This December marks my third holiday season living in the South. And while I’ve already enjoyed seemingly countless new, exciting, and very different holiday traditions each winter here, there’s always something else I want to try, or add to my must-do list. Many of these events and outings are completely unique to Florida, Florida’s history, and, unlike Chicago - with the fact that bodies of water are not frozen solid, or on their way to be, down here in December - it means a whole lot of those holiday traditions involve the water in some way or manner.
St. Augustine’s 26th Annual Nights of Lights is one such event that I’ve incorporated into my holiday traditions here on the First Coast. And this year I planned my outing to be centered entirely around the coastal and inlet waters of Vilano Beach, Matanzas River, Anastasia Island, and the very historic city of St. Augustine itself.
I’ve seen the St. Augustine Lights each year here thus far. But mostly I’ve gazed at the lights just quickly touring or driving through, so this year I wanted to do things a little bit different.
Red Boat Water Tours - docked at the Vilano Beach Pier - hosts a nightly boat tour of the coastal waters which reflect the lights surrounding all the beauty in the city.
We booked our boat ride months in advance. The tour is so very popular it sells out way ahead of time for each evening they take on customers during the entire holiday season.
We had been on this exact boat tour during the day time with my family when they were in town for a visit about a year and a half ago now. We witnessed lots of dolphins swimming about during that ride, as we listened to the captain tell us many stories about the great history of St. Augustine. So I was pretty excited about gaining a different perspective of the city this year, at night, once the waters were completely dark, and with the lighthouse acting as a true beacon surrounding our entire ride, and all the magnificence of the lights display bordering the entire shore line.
Tours start at $40.00 per person, plus fees, and our original total came to over $90.00. However, since we had been customers in the past, they had offered us a repeat rider discount specifically for the Nights of Lights Tour, with fairly significant savings - it nearly halved our total cost. This repeat customer deal was better than any other sales/codes/online deals offered.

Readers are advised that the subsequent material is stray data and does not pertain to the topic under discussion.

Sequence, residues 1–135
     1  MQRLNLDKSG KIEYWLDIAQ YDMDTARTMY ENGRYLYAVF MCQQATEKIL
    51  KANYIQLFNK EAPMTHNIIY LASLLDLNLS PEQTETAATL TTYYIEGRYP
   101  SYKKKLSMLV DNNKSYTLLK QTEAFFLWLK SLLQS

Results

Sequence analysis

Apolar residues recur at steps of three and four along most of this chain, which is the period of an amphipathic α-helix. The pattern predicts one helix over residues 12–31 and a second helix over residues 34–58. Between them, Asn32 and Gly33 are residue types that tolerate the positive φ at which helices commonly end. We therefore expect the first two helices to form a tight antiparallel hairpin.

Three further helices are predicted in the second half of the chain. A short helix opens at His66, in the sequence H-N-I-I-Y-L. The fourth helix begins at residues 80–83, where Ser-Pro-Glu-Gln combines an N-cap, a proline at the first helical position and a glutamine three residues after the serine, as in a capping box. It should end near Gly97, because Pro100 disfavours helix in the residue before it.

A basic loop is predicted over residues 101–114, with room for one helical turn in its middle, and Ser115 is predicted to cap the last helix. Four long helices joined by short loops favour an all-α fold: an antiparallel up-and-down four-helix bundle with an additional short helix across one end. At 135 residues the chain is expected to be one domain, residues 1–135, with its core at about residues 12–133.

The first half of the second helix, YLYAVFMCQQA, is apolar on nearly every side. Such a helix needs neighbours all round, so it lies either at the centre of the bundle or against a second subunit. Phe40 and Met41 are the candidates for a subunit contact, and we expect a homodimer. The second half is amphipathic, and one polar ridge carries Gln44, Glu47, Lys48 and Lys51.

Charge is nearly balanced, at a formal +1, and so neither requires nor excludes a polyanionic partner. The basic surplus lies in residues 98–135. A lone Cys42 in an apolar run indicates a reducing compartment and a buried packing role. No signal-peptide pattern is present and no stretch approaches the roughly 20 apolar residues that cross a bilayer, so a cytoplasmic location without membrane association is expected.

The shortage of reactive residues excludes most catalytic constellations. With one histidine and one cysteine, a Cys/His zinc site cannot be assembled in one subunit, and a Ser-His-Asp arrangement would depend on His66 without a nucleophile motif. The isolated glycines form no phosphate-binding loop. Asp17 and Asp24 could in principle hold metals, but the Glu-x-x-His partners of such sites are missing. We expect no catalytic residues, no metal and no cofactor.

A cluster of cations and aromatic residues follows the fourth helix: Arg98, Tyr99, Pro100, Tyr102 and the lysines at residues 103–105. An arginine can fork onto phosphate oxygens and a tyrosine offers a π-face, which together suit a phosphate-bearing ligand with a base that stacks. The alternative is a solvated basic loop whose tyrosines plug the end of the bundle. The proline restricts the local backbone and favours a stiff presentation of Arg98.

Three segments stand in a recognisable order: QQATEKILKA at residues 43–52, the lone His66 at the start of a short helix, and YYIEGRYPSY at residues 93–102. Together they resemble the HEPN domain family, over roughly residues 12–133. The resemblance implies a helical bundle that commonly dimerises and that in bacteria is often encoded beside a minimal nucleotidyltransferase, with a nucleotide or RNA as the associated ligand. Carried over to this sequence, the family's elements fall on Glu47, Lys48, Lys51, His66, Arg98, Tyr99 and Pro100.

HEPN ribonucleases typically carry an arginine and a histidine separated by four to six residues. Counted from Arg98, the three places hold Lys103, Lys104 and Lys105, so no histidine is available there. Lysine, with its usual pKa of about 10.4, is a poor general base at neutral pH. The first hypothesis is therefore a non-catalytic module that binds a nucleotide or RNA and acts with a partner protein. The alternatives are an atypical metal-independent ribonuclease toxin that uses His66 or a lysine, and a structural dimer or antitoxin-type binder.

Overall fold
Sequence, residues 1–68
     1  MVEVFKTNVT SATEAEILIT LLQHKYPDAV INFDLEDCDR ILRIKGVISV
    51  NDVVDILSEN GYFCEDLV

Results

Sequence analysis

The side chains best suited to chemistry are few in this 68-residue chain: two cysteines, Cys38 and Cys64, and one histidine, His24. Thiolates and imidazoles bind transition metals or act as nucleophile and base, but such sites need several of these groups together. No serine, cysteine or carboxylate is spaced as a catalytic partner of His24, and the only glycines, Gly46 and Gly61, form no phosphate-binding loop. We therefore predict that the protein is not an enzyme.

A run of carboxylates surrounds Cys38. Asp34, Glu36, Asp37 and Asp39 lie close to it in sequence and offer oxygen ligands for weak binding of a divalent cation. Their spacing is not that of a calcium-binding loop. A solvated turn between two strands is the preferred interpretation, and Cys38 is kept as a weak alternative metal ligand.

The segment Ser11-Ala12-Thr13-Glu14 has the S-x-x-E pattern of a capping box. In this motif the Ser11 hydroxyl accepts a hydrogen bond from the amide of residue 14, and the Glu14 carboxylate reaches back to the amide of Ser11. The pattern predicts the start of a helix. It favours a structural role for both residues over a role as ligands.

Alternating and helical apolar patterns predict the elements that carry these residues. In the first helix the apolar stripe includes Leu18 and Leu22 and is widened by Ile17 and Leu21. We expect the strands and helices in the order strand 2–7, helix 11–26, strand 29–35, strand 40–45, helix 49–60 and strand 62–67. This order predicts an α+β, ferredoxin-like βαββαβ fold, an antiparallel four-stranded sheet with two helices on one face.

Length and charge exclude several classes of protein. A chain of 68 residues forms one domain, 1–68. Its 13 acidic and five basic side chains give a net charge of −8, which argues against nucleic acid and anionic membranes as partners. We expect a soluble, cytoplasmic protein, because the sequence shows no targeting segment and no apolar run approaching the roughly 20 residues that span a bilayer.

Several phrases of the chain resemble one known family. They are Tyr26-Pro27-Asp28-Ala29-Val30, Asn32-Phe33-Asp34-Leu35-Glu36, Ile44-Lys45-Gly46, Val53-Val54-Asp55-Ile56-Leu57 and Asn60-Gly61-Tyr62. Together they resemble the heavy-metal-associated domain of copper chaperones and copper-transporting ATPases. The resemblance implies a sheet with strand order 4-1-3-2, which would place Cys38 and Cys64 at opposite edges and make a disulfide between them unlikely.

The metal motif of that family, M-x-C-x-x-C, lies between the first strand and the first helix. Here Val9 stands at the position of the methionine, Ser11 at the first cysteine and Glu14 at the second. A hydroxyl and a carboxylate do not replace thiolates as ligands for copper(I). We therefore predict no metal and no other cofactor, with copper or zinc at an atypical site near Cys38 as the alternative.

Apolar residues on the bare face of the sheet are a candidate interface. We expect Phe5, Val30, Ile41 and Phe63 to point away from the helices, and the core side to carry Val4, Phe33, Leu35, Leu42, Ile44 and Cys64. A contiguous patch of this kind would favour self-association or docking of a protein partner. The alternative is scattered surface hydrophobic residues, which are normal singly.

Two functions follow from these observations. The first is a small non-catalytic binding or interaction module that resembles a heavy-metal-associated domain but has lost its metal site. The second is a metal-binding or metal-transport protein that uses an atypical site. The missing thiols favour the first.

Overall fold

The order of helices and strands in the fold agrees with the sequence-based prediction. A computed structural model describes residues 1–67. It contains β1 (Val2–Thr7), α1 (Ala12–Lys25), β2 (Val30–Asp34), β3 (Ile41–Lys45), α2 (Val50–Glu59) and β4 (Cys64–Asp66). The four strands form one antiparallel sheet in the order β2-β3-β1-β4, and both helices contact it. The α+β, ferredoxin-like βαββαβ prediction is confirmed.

Honestly, the large discount is the only reason I booked the tour. I personally think we would never have paid this much to go back on the same boat we had already been on - as I tend to try different things each year, especially those that cost significant money. While tending to keep the traditions that cost next to nothing or are completely free. Sugar cookies, anyone?
I also planned for us to have dinner at Beaches at Vilano in advance of the tour. It makes sense to me to try a restaurant we’ve never been especially when we’re right there in the vicinity.
Our ride started at 7:15pm going through 8:30. Red Boat asks in the fine print for us to arrive about 15-20 minutes ahead of time. The restaurant is just opposite the pier and basically shares the same parking. So I planned our dinner for 5:30. That gave us enough time to work a full day, drive down, eat a leisurely meal, including time for a quick dessert, then head on over to our awaiting horse-drawn open sleigh upon the warm waters.
Dinner was just fine. I say that meaning there was absolutely nothing wrong with it, while at the same time it wasn’t the best meal of my life. It ended up being roughly half the cost as our anniversary meal at The Reef, which is located just down the street a bit… so the lesser cost was fabulous. And despite it not being the absolute best, I do recommend stopping in Beaches if you get a chance.
The atmosphere and the views are worth it alone. You will be transported instantly into vacation mode there - whether you’re on vacation, or not. And there are no complaints here about vacation mode.
At 5:30pm on a Tuesday, in December, they were quite busy. They had some very large parties already seated, mostly corporate and holiday parties going on, but each table was filled. They were busy enough that we were lucky to get seated right away, have our meal, with just enough time remaining for getting out to our boat tour immediately after. We had tried for reservations - but they do not accept. Make sure to allot for enough time if you are planning the same holiday outing.